His colleague at the museum, invertebrate specialist Dr Winston Ponder, says that at any one time the institution has around 20 species that are available for naming. These include a sea worm, cicadas, freshwater snails and centipedes.’

The scheme has since been promoted further with a glossy mail-out brochure which also appeared with the Museum’s quality ANH magazine.
Now before I go on, I must make some important points.
The first is that I do not intend attacking Archer’s scientific credentials or general integrity. I am sure his motives in this matter are honourable. He launched the scheme on the basis that the money raised would be used to fund further research.
Furthermore, as far as I know, the scheme is at this stage limited to invertebrates. And while talking about the Australian Museum and its staff, I shall report my own opinions of them. In over 20 years of extensive dealings with the herpetology and other sections, I can only say positive things of them. They have always provided me with every assistance requested, including when publishing papers and books and given me unfettered access to their vast archives of literature, specimens and the like. And while I constantly whinge about the tax-payer’s money wasted by government on many things, I think that it appears that most money spent on the museum in Sydney, is money well spent.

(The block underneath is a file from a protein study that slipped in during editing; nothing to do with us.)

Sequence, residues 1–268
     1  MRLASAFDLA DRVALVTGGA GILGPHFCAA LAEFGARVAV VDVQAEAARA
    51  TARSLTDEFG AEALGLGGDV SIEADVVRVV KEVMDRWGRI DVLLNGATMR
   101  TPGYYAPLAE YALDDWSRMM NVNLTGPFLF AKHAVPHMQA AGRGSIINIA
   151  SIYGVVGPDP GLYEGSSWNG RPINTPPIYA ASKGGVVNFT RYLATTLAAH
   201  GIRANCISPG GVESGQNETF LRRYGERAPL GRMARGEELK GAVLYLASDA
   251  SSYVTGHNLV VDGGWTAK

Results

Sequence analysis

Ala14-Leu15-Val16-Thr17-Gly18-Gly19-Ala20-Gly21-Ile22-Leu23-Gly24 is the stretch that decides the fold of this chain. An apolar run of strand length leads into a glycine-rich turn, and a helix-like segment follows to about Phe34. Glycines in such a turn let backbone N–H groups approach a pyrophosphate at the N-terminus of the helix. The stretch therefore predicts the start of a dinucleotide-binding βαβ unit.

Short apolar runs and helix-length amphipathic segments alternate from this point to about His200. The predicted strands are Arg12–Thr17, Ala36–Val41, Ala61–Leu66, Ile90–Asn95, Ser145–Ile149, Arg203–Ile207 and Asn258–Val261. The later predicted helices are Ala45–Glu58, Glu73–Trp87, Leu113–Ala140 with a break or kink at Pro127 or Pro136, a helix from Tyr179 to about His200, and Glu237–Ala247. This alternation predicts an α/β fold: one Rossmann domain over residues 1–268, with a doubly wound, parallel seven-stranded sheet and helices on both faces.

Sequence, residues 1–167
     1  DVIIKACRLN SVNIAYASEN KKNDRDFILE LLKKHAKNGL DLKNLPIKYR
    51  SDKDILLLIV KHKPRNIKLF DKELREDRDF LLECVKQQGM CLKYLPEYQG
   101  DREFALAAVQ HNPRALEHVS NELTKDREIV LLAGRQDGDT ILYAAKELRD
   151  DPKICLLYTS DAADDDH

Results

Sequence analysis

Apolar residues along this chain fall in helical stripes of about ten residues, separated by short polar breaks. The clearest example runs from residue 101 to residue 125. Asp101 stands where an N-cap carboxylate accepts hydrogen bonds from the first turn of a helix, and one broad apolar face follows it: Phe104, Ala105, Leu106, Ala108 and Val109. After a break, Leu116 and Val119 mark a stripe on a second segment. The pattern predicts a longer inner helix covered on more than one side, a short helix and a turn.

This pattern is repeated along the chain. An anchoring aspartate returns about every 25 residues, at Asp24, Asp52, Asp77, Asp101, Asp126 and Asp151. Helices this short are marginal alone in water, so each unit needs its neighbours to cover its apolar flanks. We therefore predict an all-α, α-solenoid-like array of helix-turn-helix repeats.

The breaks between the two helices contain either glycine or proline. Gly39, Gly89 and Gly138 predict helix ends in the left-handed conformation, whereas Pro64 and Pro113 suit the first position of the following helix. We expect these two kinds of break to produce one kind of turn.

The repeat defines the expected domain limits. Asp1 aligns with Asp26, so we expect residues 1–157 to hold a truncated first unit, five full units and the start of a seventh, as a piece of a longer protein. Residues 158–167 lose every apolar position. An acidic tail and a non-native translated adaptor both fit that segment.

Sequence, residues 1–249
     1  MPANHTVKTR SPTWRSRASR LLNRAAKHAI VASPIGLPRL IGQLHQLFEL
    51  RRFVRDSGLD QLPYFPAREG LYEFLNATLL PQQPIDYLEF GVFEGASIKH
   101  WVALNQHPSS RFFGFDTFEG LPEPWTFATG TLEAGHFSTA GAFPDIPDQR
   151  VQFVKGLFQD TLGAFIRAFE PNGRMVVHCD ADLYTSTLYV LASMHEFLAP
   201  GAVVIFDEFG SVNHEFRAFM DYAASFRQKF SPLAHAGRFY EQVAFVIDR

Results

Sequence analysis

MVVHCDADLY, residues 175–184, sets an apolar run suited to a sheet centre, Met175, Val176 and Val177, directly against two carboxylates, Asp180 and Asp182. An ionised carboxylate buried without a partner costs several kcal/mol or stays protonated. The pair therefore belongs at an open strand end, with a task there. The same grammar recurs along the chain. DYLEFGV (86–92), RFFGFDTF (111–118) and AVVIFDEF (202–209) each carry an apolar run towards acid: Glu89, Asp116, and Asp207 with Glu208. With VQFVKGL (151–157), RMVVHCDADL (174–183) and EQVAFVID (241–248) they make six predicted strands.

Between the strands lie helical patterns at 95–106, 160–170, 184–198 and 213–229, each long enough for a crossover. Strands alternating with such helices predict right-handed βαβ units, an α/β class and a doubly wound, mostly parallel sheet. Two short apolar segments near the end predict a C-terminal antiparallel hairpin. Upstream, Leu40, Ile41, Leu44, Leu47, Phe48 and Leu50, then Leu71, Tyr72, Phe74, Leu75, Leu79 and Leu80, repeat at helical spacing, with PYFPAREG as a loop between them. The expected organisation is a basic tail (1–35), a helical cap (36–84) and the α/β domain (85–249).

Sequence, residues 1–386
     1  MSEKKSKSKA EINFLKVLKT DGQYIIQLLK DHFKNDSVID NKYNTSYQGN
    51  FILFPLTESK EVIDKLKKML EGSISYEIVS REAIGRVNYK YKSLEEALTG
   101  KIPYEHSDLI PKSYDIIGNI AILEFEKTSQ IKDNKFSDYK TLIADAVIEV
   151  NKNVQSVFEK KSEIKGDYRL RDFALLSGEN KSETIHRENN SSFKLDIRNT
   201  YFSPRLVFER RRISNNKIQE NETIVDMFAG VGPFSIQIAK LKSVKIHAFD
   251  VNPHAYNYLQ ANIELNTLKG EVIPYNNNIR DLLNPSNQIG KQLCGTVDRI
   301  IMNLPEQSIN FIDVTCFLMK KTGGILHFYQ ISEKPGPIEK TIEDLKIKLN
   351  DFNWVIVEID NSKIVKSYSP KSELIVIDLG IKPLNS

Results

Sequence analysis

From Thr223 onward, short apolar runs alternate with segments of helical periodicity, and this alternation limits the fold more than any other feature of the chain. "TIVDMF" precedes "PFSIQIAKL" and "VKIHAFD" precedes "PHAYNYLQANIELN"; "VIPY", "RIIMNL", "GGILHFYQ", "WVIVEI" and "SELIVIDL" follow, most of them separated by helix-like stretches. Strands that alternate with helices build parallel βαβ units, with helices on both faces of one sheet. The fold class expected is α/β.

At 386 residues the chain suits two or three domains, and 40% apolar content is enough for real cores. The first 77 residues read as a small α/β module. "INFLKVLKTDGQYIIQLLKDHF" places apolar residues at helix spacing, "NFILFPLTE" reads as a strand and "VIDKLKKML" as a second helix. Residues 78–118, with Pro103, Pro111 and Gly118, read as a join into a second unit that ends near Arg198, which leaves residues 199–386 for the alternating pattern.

But as for the ‘cash for names’ idea, I must say that I find it totally abhorrent.
Now I know some of you will be thinking, ‘but it’s been going on for years, all Archer’s done is formalise it’, and yes, you are probably correct.
But still I think that the whole idea could cause even greater problems.